We have been privileged to know Sophie Matisse for two decades. Notwithstanding her long, happy marriage to French Pop artist Alain Jacquet, many men over the years, including ourselves, have worshipped her as the most gracious, elegant, accomplished beauty in the New York art world. The fact that she counts Henri Matisse, Pierre Matisse and Marcel Duchamp among her close family members has been a mere bagatelle to her admirers.
Not so for Sophie. We first realized her isolation and alienation as an artist, sitting on a garden swing with Sophie at her dealer Francis Naumann’s Yorktown Heights estate, on a Memorial Day weekend, a few years ago.
Sophie showed us a catalogue of her Tokyo solo show depicting her versions of classic paintings by Vermeer, Velasquez and others with all the figures removed. She emphasized the fineness of her own brushstrokes and colors in these empty pastiches, and we realized we were gazing at a beautiful woman who, as in a Henry James novel, was trapped.
Clearly, Sophie wished to banish the giants of Western art from her psyche, failed, and was forced into submission by the heavy presence of her forebears, both familial and spiritual. Her subsequent successful career, recently with her gorgeous, popular DayGlo responses to Picasso’s Guernica, has been a wrestling with Matissean chimeras.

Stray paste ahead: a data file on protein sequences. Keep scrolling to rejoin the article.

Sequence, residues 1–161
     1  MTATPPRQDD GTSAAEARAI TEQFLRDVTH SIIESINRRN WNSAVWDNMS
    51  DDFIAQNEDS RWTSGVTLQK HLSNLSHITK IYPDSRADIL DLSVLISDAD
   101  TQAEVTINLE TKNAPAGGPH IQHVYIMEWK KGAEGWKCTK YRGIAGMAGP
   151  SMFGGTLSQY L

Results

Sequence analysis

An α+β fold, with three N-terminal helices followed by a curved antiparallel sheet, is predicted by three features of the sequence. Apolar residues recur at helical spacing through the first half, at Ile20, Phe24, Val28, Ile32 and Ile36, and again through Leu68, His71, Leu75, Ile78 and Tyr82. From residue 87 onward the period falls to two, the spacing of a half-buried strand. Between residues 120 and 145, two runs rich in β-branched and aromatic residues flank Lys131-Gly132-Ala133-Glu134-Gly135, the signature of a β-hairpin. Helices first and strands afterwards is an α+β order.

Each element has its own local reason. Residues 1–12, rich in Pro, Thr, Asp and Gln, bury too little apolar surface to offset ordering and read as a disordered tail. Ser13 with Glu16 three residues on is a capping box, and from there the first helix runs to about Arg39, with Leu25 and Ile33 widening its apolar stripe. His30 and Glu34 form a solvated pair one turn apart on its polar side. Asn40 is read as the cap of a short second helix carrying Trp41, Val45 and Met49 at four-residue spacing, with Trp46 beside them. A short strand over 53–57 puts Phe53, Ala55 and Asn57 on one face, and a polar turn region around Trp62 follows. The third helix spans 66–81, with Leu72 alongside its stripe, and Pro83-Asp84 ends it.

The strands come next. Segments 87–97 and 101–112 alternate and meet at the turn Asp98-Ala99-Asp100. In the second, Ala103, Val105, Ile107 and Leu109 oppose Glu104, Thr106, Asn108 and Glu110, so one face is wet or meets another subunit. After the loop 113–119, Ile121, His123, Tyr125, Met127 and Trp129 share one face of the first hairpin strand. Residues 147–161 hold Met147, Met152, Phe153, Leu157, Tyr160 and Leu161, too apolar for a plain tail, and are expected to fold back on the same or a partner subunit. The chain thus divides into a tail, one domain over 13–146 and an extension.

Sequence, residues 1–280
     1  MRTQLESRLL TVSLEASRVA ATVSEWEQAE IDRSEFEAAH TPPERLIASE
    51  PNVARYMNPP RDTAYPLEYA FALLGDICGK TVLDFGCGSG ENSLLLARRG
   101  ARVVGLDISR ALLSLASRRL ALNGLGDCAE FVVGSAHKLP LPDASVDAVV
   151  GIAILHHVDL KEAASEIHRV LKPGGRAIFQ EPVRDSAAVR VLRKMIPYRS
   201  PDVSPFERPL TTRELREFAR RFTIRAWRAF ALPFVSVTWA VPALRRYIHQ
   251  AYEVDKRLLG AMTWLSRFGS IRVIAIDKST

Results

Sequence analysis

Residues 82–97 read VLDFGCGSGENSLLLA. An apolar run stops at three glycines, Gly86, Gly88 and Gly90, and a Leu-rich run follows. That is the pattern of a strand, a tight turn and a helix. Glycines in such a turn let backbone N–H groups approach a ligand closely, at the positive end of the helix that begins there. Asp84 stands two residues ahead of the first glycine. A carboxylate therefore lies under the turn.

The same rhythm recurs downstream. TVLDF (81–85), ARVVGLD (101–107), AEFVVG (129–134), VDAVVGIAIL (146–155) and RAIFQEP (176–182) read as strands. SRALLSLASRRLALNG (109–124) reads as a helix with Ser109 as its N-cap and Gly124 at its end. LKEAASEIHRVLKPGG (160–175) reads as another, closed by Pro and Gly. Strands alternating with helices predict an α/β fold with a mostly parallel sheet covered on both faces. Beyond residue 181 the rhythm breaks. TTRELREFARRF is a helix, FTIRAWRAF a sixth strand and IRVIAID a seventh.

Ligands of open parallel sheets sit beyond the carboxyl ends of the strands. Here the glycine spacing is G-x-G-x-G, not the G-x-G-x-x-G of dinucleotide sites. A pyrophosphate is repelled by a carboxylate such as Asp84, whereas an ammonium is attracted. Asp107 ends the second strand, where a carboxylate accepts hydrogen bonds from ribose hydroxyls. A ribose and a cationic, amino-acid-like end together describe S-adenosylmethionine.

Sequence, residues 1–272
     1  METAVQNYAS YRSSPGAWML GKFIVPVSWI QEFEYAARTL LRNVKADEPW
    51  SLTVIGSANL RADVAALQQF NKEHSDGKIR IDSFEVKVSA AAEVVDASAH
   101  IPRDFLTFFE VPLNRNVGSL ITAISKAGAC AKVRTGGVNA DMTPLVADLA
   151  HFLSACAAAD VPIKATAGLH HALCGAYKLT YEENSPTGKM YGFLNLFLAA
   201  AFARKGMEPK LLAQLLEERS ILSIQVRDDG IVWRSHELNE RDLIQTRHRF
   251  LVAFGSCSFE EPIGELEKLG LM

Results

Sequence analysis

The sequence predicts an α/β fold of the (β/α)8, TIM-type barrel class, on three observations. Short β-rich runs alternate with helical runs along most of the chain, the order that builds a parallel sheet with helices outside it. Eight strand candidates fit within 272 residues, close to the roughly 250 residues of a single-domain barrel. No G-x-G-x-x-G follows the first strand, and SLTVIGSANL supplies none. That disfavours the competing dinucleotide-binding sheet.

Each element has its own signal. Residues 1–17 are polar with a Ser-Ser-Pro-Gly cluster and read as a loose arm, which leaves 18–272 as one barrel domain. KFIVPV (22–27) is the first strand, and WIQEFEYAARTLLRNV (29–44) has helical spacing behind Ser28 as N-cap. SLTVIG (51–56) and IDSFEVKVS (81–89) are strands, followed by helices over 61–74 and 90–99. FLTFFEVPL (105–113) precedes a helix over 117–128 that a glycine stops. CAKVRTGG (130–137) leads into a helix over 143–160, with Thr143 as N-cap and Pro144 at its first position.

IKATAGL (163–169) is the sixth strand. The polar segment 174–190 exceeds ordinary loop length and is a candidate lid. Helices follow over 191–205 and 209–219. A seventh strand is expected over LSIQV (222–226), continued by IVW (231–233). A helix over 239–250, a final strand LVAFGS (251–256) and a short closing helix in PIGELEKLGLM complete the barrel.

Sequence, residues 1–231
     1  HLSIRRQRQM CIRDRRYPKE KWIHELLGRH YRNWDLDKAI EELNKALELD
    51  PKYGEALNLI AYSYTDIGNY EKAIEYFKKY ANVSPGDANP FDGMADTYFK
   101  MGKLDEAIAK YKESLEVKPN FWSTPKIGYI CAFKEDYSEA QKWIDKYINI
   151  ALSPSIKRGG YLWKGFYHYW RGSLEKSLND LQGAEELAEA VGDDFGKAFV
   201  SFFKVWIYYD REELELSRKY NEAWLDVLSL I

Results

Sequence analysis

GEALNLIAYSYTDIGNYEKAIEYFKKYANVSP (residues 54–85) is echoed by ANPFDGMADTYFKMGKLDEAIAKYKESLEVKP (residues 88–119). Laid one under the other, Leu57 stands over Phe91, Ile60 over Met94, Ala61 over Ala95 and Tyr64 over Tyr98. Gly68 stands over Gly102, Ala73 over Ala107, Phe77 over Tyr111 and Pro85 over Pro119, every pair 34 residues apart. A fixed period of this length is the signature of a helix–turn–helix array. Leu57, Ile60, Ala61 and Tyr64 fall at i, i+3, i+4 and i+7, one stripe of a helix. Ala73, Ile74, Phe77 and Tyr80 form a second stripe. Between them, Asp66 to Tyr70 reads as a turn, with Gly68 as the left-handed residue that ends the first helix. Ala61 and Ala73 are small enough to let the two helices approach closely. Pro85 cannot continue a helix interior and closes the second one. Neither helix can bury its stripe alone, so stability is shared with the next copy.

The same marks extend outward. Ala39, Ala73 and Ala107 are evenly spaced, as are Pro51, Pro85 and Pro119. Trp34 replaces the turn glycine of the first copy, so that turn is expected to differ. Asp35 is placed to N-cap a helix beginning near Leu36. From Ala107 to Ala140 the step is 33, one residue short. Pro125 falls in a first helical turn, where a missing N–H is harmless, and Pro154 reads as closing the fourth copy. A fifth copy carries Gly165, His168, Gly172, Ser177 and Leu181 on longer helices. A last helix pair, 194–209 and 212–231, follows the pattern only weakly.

We want to liberate her through interpretation. Hence, at last week’s opening of Sophie’s new, sparkling "Zebra Stripe Paintings," we remarked to Francis Naumann that, "these are the first truly new Surrealist paintings in New York since Julian Levy showed Max Ernst in the 1930s."
Naumann, always a stickler for proper labeling, scowled, "I wouldn’t necessarily call them Surrealist." He’s been making a big deal about Sophie’s dyslexia, which is actually an advantage in these ribbonized blendings of flowers, wine labels, clouds and fruits with classics by Caravaggio, Parson Weems and Vermeer.
"They are Surrealist dreams," we countered, "juxtaposing two irrational flows of images into a new hyperreality." As such they are redolent of Sophie’s personality: a beautiful, soulful woman defenestrated by flaws beyond her control, which ultimately render her all the more desirable.
Surrounded by admirers at her vernissage, Sophie kissed us and smiled, "In my next life, I’m going to marry you, Charlie." Well, we happen to be deeply in love at the moment with a gorgeous art history professor, so we’ll have to take a rain check, and Sophie’s new work warms our heart as well.
If there was ever a bride who stripped her bachelors bare, it is Sophie. Let her and her beautiful new paintings heat up your holidays.
Sophie Matisse, "The Zebra Stripe Paintings," Nov. 18-Dec. 30, 2005, at Francis M. Naumann Fine Art, 22 East 80th Street, New York, N.Y. 10021
CHARLIE FINCH is co-author of Most Art Sucks: Five Years of Coagula (Smart Art Press).